Since his comment, I have not stopped thinking about why this song also seems to reach into my deepest self; unsettling me, sometimes with joy, sometimes with tears. This is a song about a Puerto Rican peasant, a jíbaro (hee′ bah roh), who sets out joyfully for the market with his products, only to find the market desolated, with no buyers because of harsh economic conditions. He wonders what will happen now to his family and to his country.
When I was a child, one of the worse things others could call you was a jíbaro, meaning a country bumpkin. If they then found out your family was also from the rural mountain town Lares, which mine was, you were really in trouble. Never mind that Lares holds an exalted place in Puerto Rican history for being the cradle of its independence movement. The terms jíbaro and Lares somehow conjoined in the image of the Puerto Rican version of the rube; this time, wearing a straw pava hat.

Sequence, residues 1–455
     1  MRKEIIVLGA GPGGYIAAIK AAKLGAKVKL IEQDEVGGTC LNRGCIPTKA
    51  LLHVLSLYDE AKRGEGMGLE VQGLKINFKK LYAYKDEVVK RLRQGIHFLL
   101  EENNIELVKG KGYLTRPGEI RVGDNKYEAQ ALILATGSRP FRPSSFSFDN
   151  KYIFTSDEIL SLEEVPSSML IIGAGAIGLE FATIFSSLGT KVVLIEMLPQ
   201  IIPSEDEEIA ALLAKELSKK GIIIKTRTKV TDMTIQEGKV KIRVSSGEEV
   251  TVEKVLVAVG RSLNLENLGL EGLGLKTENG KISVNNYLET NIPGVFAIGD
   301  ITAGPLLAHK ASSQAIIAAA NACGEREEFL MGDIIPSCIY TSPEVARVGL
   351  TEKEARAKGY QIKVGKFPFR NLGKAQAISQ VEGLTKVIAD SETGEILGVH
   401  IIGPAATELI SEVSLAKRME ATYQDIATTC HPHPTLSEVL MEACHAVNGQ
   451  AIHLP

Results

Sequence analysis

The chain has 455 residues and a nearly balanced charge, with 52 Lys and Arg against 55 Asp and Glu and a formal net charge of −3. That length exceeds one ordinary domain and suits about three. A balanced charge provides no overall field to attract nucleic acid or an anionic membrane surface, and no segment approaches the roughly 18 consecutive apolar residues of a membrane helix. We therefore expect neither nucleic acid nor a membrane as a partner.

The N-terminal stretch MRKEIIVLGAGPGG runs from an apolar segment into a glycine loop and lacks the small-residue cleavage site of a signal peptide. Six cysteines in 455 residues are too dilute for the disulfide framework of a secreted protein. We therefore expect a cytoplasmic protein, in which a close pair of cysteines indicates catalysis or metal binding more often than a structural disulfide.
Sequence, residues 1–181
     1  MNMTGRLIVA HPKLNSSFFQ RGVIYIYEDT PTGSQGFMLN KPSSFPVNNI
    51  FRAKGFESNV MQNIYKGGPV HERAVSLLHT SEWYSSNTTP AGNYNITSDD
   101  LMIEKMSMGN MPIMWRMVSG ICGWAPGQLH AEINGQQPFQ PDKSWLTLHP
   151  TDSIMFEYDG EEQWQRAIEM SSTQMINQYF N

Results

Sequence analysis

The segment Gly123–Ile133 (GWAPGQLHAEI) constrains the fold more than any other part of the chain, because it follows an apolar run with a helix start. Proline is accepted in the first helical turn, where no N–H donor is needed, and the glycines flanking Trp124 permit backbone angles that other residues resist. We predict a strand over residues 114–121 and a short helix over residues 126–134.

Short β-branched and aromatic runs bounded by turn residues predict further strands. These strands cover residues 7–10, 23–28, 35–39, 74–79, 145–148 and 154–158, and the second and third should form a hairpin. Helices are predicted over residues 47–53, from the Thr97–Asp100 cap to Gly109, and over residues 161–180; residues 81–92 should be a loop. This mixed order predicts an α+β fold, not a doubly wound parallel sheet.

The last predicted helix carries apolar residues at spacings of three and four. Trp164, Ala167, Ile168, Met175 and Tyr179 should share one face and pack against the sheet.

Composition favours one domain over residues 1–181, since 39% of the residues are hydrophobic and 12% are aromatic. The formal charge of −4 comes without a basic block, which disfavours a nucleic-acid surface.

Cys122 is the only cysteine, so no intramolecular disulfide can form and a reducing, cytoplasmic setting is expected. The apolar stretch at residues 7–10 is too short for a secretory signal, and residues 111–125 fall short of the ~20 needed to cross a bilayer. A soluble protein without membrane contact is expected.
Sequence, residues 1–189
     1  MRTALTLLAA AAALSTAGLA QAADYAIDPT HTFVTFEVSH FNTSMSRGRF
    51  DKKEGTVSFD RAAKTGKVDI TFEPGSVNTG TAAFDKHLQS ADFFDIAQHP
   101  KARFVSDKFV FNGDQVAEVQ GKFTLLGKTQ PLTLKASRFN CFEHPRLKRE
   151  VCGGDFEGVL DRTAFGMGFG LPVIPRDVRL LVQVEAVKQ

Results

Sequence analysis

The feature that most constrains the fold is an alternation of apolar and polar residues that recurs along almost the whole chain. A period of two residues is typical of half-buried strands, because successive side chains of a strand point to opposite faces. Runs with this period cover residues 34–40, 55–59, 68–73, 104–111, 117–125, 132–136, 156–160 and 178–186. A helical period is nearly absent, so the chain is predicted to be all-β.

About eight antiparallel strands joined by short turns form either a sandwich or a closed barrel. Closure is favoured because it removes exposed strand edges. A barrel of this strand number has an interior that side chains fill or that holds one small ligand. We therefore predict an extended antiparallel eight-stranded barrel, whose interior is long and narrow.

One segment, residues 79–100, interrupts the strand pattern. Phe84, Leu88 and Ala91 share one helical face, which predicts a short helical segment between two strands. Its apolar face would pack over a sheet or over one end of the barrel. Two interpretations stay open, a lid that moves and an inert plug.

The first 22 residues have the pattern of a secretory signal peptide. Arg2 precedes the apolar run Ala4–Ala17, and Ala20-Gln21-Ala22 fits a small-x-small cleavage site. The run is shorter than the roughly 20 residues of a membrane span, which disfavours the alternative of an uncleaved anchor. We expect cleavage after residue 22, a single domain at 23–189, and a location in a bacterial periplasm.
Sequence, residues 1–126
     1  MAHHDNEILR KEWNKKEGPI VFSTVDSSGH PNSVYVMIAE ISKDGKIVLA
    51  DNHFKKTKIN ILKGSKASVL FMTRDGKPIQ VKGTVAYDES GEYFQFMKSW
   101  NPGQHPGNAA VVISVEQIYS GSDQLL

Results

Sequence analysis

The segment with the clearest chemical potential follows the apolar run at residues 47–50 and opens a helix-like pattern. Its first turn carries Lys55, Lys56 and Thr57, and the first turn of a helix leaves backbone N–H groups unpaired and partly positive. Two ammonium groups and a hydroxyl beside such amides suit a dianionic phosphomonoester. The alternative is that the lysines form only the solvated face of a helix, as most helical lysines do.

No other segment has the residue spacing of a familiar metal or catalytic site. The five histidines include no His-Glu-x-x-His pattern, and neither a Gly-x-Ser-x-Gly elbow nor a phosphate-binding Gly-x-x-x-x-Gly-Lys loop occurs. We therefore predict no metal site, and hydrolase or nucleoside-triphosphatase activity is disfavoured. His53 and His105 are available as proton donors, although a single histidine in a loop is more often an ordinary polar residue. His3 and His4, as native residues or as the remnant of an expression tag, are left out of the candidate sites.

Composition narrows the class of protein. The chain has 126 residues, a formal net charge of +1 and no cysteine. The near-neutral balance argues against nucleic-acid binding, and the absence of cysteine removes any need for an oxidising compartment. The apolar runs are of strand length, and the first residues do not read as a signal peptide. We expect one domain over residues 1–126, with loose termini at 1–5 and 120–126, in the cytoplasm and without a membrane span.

Ironically, the term jíbaro has become iconic as a positive sentimental symbol of "the roots of the modern Puerto Rican people, and symbolizes the strength of traditional values of living simply and properly caring for homeland and family."
This evolution in the public’s perceived worth of the jíbaro is in some ways representative of my own. In the heady days of my business career, it was tempting to be swayed by the trappings of privilege and power. I hope I have since learned the difference between gloss and gold and that, in my novel about Angélica Miranda, I succeeded in portraying her and her humble family with both realism and respect.
Check out The Bronx Latin Jazz All Stars and other artists performing the song Lamento Borincano. If anyone has a good rendition by a female vocalist, please let me know. I prefer one in the música típica tradition rather than in the operatic vein, if you know what I mean.